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Live anthrax was shipped to 51 labs across the country and to three foreign nations. That's a larger number than previously disclosed by the Pentagon, and there could be more. Judy Woodruff talks to Nancy Youssef of The Daily Beast.
The Pentagon today gave new information about that scare over live anthrax samples. Officials said 51 labs in 17 states, plus Washington, D.C., and three foreign countries received the suspected live spores. That's a larger number than what was previously disclosed.
At a news conference today, Deputy Defense Secretary Robert Work sought to reassure the public.
ROBERT WORK, Deputy Secretary of Defense: We continue to work with the CDC to ensure that all possible safeguards are taken to prevent exposure at the labs in question and that any worker that might have had risk of exposure, even to these low-concentrated samples, they are closely monitored.
We know of no risk to the general public from these samples. To provide context, the concentration of these samples are too low to infect the average healthy individual. Everyone in the Department of Defense takes this issue very seriously, because it is a matter of public health and also the health of all of the members of our department.
Joining me now to tell us more about what happened and the response is Nancy Youssef. She's the senior national security correspondent for The Daily Beast.
Nancy, welcome back to the program.
So, many more samples of anthrax were sent out to these labs than was known before. Why is this coming out in bits and pieces like this?
NANCY YOUSSEF, The Daily Beast:
Well, part of it is that it takes several days to determine which samples were sent out that were positive and which were negative.
This is out of 400 lots, and from each lot comes several scores of samples that are sent to various labs, and so they're going through lot by lot and doing testing. The number that we're giving is only out of four lots, 1 percent. And in 100 percent of the cases that have tested so far, it has come back positive for anthrax.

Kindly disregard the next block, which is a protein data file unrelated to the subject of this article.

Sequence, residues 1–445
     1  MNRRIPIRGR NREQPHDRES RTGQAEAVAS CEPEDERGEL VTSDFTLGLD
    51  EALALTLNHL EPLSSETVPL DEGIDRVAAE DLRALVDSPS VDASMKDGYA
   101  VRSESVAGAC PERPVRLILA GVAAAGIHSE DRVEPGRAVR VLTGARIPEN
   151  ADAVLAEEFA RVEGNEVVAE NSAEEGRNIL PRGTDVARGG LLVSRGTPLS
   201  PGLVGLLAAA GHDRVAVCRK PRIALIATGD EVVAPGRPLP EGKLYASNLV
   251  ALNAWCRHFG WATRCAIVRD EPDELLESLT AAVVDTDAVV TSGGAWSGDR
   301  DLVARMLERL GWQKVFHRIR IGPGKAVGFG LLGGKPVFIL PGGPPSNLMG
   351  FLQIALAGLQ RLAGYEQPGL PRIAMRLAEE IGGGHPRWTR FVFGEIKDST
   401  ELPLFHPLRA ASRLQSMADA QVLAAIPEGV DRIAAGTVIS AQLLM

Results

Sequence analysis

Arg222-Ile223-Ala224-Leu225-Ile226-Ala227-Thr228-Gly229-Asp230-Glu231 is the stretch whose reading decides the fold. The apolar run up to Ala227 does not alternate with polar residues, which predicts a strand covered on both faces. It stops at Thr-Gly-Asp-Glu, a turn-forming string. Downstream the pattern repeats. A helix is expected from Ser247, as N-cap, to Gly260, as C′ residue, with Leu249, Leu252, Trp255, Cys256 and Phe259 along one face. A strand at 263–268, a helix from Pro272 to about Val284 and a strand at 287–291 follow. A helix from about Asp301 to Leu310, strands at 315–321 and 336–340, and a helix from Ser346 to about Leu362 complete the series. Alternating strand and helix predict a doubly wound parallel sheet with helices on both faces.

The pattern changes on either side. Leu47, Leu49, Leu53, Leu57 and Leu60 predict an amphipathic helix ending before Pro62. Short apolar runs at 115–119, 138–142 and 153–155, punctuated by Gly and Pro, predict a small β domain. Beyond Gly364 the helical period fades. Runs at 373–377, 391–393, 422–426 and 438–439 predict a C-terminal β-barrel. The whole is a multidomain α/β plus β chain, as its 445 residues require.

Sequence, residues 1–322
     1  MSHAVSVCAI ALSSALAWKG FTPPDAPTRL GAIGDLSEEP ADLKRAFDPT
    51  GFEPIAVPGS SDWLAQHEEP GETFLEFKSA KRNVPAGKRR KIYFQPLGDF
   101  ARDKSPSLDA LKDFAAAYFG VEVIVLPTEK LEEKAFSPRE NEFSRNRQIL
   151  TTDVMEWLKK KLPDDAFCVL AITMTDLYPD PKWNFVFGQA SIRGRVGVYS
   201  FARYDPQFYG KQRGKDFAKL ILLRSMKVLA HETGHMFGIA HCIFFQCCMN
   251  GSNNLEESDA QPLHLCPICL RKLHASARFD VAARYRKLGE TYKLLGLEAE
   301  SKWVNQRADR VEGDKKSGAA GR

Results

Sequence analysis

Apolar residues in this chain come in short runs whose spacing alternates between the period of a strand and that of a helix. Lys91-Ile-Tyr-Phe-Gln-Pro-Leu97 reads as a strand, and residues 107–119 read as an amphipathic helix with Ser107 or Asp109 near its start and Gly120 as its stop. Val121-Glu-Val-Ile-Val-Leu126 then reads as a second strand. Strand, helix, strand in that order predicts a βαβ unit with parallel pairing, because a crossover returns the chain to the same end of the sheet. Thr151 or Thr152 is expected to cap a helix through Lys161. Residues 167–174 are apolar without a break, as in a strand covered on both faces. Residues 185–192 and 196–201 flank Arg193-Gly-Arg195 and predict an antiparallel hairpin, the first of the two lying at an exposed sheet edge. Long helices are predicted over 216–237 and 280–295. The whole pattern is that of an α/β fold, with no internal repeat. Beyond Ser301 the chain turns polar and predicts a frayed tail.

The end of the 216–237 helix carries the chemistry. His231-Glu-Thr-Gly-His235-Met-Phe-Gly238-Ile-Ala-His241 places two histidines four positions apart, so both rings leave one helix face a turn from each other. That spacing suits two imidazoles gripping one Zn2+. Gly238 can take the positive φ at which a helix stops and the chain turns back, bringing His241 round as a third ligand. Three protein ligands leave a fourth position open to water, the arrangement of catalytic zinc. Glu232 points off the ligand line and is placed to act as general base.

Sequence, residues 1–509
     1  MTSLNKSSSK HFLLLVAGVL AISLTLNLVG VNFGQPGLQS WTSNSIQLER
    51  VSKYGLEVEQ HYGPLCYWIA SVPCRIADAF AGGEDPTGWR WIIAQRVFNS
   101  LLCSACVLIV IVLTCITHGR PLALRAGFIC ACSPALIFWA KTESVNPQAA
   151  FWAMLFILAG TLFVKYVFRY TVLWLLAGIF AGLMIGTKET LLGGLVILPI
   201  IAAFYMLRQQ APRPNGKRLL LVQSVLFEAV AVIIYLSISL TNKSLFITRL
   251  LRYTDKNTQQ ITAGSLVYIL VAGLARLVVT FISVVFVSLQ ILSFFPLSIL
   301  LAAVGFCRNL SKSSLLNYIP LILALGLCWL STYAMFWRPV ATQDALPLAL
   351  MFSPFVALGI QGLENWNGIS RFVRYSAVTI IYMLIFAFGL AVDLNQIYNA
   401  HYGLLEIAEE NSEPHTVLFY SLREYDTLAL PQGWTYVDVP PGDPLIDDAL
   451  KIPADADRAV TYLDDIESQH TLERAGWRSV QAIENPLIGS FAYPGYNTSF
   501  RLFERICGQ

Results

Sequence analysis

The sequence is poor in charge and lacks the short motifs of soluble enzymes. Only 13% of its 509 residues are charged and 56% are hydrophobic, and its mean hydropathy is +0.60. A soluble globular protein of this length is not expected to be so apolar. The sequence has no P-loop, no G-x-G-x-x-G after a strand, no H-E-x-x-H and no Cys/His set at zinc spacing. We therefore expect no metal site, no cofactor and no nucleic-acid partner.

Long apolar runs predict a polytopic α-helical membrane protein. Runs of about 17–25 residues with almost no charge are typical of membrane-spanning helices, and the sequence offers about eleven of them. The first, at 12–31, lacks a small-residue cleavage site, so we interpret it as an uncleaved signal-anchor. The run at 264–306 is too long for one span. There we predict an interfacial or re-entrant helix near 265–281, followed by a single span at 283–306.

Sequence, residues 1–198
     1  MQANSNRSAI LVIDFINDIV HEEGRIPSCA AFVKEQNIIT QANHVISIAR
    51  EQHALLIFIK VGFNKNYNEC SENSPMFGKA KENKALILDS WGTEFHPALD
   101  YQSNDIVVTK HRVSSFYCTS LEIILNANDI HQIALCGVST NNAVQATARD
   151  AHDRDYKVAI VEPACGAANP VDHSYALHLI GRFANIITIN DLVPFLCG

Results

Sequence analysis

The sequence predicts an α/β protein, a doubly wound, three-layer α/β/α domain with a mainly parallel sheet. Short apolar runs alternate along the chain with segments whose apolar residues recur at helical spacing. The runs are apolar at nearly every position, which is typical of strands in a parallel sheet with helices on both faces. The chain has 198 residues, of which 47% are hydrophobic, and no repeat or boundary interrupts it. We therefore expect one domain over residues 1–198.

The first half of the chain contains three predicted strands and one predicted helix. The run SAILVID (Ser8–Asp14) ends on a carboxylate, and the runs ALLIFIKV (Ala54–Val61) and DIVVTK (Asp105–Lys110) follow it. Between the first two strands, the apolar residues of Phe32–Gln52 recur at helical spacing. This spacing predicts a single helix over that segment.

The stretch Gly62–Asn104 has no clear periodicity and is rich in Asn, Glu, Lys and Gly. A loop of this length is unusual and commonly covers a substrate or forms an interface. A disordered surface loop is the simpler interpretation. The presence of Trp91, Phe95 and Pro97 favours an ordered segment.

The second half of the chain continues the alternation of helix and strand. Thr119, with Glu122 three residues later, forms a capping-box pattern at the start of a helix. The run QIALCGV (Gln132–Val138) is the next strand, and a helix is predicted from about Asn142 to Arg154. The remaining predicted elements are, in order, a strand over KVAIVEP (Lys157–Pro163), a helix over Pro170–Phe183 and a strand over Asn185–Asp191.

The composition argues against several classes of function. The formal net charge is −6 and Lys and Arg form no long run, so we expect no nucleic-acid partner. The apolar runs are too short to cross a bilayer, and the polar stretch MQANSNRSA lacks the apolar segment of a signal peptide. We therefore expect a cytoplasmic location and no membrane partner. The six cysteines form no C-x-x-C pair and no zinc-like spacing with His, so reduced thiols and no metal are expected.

And so it portends of a lot more laboratories and states coming up as recipients of live anthrax.
So there could be more coming out, is what you're saying?
Yes, that's right. The briefing that you showed today, they said it repeatedly to anticipate more.
Now, tell us, what is it — they said today that so far no one has been infected. Are they certain of that and what are they saying about the danger to the public?
Well, they're saying no one has been infected, but they're also giving antibiotics to 31 personnel, nine of them here, 22 overseas, as a precautionary measure.
And so there is some concern on that point. But to the public, it doesn't appear that there was any danger because these are samples that are sent to laboratories, laboratories often that — whose technicians are vaccinated, whose facilities are well protected for such measures.
And so the danger is not so much to the public in terms of getting anthrax through those shipments, but the idea of live anthrax being sent out to an untold number of laboratories, states and workers.
So why is it being shipped out to so many places?
So, what happened after the anthrax letter scare of 2001, in which powdered anthrax was sent to Senator Daschle and a number of news agencies, is there was a real uptick in funding for research on anthrax and detection methods, because there was a fear that this was going to be an external threat, a form of bioterrorism.
As it turns out, it was an internal threat. And so the DOD keeps these spores, if you will, provides them to these laboratories for the purpose of doing detection research, other kinds of research to ensure that places can prevent anthrax from being brought in.
For example, the Pentagon Force Protection Agency was one of the ones to receive live anthrax, and they use that to detect — to make sure that those coming to the Pentagon are not bringing in live anthrax with them.
And just quickly, finally, Nancy, are they any closer to understanding why this happened, what was the lapse?
And, in fact, today's press conference suggested that we're further away from answers. They said that they had methods in place to make sure that live anthrax didn't go out. And yet, because there is no standard practice, that everybody sort of has their own way of determining what's accepted, and the fact that 100 percent of the cases they have tested so far showed up positive, it suggests that at the minimum there was a fundamental flaw in their prevention methods.
Nancy Youssef with The Daily Beast, thank you for following this for us.
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